Castles in the Black Forest Germany

Schloß Eberstein

With somewhere between 20 and 25,000 castles, there are more castles in Germany than any other country. Quite a few of them can be found in the southwest corner bordering France – The Black Forest. Known as Schwarzwald in German, it is one of the most spectacular parts of Germany.

Here, you’ll find not only spectacular strongholds but also broad valleys, peaceful lakes, and picturesque villages. What better way to tour the delights of the Black Forest than stopping off at its medieval fortresses and fairy tale palaces? In this post, we’ll take a look at 13 of the most fascinating castles in the Black Forest.

13 Castles to Visit in the Black Forest, Germany

1. Burg Landeck

Likely constructed at the beginning of the 13th century, the first historical mention of Landeck Castle came in 1237. Its probable function was to protect the nearby Klingenmünster monastery. In the 15th century, the castle was fortified, but in the following century, it was burned during the Peasant War.

This, however, did not do too much lasting damage. It was entirely destroyed by the French in around 1680. The castle was extensively restored in the 1960s and is now open to the public, who can enjoy spectacular views of the town from the castle’s lofty position. 

Where: Klingenmünster
When: 13th century
Style: Medieval and Romanesque
Open for Visit: Yes. 11:00 – 22:00

2. Hohenbaden Castle

The ruins of Hohenbaden Castle were the seat of the Margrave of Baden during the Middle Ages. There are three castles overlooking Baden Baden, all built by the Margrave. However, Hohenbaden is the highest of the three and occupies a position 410 metres above sea level.

The public can visit the castle for no fee, and it offers views across the town and the Rhine Plain in the distance. As well as a restaurant in the castle, there’s a large wind harp; it has 120 strings and stands in the knight’s hall of the Old Castle.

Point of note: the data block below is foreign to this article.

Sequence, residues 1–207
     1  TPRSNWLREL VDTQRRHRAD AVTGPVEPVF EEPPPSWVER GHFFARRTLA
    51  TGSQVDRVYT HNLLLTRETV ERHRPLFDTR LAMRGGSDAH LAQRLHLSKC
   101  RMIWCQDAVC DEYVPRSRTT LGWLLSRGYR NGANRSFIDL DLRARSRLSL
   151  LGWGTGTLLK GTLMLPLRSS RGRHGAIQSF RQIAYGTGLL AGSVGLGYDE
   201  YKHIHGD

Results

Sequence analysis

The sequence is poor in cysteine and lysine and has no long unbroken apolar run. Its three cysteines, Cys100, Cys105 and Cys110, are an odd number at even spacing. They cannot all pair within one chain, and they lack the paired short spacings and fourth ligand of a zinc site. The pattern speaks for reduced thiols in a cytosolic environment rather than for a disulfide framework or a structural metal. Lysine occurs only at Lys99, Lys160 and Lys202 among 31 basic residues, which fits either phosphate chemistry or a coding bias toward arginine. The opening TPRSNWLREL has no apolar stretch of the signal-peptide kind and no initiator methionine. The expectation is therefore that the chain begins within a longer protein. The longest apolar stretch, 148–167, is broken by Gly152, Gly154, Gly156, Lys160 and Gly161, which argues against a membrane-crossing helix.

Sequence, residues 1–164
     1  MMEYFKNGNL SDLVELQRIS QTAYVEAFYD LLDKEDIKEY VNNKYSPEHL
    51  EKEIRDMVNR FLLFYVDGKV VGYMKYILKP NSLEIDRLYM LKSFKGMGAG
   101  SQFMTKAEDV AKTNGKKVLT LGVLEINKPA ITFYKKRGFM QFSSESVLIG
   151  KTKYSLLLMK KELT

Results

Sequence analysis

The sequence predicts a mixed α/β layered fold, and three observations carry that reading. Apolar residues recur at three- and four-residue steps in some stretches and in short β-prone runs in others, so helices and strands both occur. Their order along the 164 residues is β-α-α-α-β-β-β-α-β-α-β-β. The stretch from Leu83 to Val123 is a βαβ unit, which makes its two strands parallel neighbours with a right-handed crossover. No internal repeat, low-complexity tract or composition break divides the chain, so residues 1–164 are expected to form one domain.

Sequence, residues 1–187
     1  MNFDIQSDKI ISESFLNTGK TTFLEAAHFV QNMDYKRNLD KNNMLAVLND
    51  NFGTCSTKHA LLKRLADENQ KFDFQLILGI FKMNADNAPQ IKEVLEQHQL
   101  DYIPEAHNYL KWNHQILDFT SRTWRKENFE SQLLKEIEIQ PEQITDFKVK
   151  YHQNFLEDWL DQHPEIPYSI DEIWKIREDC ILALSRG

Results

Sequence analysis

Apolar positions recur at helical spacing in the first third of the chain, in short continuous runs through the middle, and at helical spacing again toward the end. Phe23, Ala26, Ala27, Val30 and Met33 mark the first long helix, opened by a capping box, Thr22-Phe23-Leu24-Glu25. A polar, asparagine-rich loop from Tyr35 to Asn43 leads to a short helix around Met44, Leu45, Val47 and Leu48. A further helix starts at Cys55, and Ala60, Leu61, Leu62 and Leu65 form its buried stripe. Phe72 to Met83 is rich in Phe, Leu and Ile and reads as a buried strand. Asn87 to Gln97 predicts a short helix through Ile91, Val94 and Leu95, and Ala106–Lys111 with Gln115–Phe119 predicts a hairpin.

Where: Baden Baden
When: 12th century
Open for Visit: Yes. Free access to the castle during the day. Restaurant open from 17:30 – 23:00 during the week and from noon at weekends and holidays.

3. Karlsruhe Palace

Built from 1715 – 18, Karlsruhe Palace was the residence of the margraves – the grand dukes and electoral princes of Baden. The city is built around the enormous palace in the shape of a fan, with 32 avenues leading away from the palace.

Despite being heavily damaged in the Second World War, the museum was rebuilt exactly how it had been before. Karlsruhe Palace is home to the Baden State Museum, which cases cultural achievements from several historical eras. Visitors can enjoy the castle’s collection exhibitions for free every Friday, as well as a guided tour at 4 pm.  

Where: Karlsruhe
When: 18th century
Style: Baroque
Open for Visit: Yes. 10:00 – 17:00 from Tuesday to Thursday. 10:00 – 18:00 Friday to Sunday and public holidays. Closed on Mondays.

4. Rastatt Palace

Another structure built for the Margraves of Baden, Rastatt Palace was erected by Italian architect Domenico Egidio Rossi between 1700 and 1707. It is the oldest Baroque residence in the Upper Rhine Valley.

Like Karlsruhe Palace, it was planned as a whole with the gardens and the rest of the town. Visitors who take a guided tour will feel like they are stepping back in time as they admire the lavish staterooms, gilded chapels, and a glittering golden roof-mounted statue.

Where: Rastatt
When: 18th century
Style: Baroque  
Open for Visit: Yes. 10:00 – 17:00 Tuesday to Sunday (and holidays) from April to October. 10:00 – 16:00 from November to March. Closed on 24th, 25th, and 31st December and 1st January.

5. Schloß Eberstein

Rising 130 metres above the valley, Gersbach’s Schloß Eberstein dates back to the 12th century. Initially founded as a monastery, the site grew when it was the base of the Ebertseiners.

Their status as counts was even higher than that of the Margraves, who owned other castles on this list. However, their power waned, and the Margraves took over the castle in 1660. Now, Schloß Eberstein is a hotel and restaurant which serves drinks from its own winery. The restaurant has a Michelin star!

Where: Gernsbach
When: 12th century
Style: Medieval
Open for Visit: Yes. The castle is a hotel and restaurant with varying opening times. Check them out on the website below.

6. Burg Hohenzollern

Burg Hohenzollern is the ancestral seat of the Prussian Royal Family, who still own the castle to this day. This impressive and imposing hilltop castle surveys the surrounding area from atop the mountain of the same name.

A castle was first constructed here in the 11th century, but the current incarnation is a little more modern, and an excellent example of Gothic Revival architecture. Between those two, there was also a 15th-century fortress that was a refuge during the 30 years war. The castle is open to visitors and hosts open-air theatre performances and events in summer.